Another month and another Fourth Doctor release from Big Finish; this month sees the opening part of a two part story which will continue next month in the ominous sounding Legacy of Death. The question really is though, will The Paradox Planet make you want to invest in Death or will it be part of a forgotten Legacy?
Whilst travelling in the vortex, the TARDIS is struck by an advanced war machine – a Time Tank! Losing Romana, the Doctor and K9 pursue the Tank to Aoris, a world quite literally at war with itself.
Soldiers from the future are attacking the past of their own planet – gathering resources and stealing endangered species. But the past is not without weapons of its own – leaving deadly devices ready to trigger many years ahead after their enemies have been born.
Trapped at opposite ends of a temporal war, the Time Lords have two time zones to save. But who is in the right, and who in the wrong? And when history itself is against you, can anybody actually win?
Who would have thought that the Fourth Doctor would struggle with the fiddle? Well that’s exactly how this story starts. In The Paradox Planet, we’re reunited with the Doctor, Romana and K9 in the TARDIS whilst the Doctor is trying to get to grasp with the violin. We’re then taken into the meat of the story with what appears to be a preparation for a war.
The TARDIS gets hit by a tank in the Time Vortex, and everything seems to be very confusing and surreal. Jonathan Morris manages in the opening ten minutes to write a story that could easily have been written by Douglas Adams, with a very unique and bizarre approach to storytelling. With Romana split up from the Doctor and K9, it seems reminiscent of the other Fourth Doctor releases from this series, especially Wave of Destruction.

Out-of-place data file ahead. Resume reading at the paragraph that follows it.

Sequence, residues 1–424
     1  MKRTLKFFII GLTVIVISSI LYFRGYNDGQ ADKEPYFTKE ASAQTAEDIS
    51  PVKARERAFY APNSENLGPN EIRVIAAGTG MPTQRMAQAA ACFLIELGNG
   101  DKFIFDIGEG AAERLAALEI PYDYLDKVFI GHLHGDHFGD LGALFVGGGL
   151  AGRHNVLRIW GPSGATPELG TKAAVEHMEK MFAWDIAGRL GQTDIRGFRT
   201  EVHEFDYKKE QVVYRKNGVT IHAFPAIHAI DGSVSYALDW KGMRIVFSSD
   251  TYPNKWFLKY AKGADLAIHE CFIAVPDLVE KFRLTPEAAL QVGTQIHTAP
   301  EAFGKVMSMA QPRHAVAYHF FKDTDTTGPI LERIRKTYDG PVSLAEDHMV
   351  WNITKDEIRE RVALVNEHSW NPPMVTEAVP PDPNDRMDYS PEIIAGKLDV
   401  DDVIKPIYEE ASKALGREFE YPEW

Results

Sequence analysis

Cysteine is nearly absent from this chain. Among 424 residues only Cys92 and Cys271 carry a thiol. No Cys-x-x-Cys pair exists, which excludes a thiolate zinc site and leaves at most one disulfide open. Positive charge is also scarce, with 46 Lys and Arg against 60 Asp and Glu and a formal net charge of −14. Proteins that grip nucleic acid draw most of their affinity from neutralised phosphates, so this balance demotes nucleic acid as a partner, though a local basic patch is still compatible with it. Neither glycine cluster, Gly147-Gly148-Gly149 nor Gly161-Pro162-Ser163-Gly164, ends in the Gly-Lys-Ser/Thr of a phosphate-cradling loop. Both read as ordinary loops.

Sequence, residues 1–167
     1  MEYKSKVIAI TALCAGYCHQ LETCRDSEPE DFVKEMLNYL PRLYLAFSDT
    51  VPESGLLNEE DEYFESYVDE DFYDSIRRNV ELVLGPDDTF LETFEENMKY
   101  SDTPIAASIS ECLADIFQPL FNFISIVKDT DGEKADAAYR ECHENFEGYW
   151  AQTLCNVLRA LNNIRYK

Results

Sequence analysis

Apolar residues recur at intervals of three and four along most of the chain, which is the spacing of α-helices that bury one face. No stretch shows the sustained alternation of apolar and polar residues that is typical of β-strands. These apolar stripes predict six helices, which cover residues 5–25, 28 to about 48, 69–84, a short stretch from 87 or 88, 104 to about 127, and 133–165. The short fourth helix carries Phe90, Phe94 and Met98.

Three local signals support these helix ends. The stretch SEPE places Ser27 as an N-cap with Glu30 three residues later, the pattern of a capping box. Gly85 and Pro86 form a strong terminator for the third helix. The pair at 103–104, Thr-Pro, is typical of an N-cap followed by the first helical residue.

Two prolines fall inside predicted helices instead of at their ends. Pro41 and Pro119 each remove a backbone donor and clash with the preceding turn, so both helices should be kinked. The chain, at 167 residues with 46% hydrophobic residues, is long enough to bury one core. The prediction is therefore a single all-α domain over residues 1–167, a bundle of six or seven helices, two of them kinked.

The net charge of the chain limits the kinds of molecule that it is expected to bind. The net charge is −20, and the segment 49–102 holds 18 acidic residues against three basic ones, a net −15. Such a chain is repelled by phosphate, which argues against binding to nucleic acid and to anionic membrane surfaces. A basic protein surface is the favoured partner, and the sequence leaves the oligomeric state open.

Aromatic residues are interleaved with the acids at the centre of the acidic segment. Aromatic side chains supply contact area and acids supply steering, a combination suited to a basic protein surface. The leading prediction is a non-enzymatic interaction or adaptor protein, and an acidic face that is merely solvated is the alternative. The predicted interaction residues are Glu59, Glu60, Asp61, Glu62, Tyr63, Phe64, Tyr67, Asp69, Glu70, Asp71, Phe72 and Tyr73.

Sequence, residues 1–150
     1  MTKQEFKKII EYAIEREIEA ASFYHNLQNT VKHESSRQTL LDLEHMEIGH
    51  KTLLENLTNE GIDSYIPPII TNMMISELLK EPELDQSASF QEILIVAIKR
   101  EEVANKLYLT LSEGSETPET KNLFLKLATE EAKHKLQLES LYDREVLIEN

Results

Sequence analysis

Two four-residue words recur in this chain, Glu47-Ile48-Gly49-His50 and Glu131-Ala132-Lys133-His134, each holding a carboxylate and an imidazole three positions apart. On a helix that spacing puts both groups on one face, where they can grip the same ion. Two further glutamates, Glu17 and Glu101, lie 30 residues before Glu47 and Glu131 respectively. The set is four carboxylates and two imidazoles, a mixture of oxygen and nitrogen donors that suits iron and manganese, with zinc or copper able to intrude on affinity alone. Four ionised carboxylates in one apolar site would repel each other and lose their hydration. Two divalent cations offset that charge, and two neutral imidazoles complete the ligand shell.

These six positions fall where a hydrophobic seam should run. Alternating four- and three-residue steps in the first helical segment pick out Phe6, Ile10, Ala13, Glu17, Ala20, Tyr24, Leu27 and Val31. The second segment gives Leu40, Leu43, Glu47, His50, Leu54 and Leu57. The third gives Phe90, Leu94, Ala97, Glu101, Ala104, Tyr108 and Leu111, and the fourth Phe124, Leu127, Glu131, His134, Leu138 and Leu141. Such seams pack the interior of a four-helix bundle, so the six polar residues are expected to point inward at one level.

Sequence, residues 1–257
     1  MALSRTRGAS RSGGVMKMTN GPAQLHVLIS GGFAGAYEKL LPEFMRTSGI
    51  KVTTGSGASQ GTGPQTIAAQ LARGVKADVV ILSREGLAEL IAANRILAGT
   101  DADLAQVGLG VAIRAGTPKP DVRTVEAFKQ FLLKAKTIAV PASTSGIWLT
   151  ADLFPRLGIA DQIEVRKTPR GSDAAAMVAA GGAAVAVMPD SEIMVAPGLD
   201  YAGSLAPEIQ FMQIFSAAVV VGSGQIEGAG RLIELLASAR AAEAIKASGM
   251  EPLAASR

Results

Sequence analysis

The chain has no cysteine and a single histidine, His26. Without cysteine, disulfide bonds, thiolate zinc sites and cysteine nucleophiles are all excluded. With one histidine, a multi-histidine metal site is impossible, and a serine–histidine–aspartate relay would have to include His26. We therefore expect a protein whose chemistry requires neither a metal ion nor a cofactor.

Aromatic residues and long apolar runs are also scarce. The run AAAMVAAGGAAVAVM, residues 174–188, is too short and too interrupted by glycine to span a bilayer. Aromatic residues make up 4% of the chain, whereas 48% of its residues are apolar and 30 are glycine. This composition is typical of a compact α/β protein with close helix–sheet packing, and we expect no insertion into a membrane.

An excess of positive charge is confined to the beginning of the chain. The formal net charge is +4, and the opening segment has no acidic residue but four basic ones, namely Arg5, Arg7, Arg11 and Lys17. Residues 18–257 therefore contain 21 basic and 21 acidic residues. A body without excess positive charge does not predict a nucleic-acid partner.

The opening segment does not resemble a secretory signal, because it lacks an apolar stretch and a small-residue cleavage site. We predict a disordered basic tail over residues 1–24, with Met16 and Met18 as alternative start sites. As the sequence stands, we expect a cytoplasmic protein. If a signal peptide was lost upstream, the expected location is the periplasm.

If there’s one thing I noticed about the first part of this story; it’s that Jonathan Morris’ way of drip feeding up information is very satisfying; as you aren’t given the whole plot and the solution in the first act; instead, the listener has to think for themselves and come up with their own conclusions, which I love being disproven later on in the story.
Having the Doctor and K9 searching for Romana really goes to show just how much the Doctor cares about her as a companion and as a friend. Some of K9’s dialogue, performed brilliantly by John Leeson is so funny because you know that K9 is just being matter of fact about everything and doesn’t understand sarcasm or any form of joke really. For any younger readers wondering what a modern example of this type of character is, think of Strax with more intelligence.
The cliffhanger to the first part of The Paradox Planet puts Romana between a rock and a very hard place; and she has a moral dilemma; meanwhile, the Doctor is left with a ticking time bomb looming over him, literally. This is what a cliffhanger should be.
If there’s one thing that slightly underwhelmed me, it was how quick and convenient Romana got out of her dilemma in the opening moments of the second part. The way that the Doctor’s predicament was solved however, was extremely touching and reminiscent of the events at the beginning of The Big Bang from Series 5; K9 really is a good dog.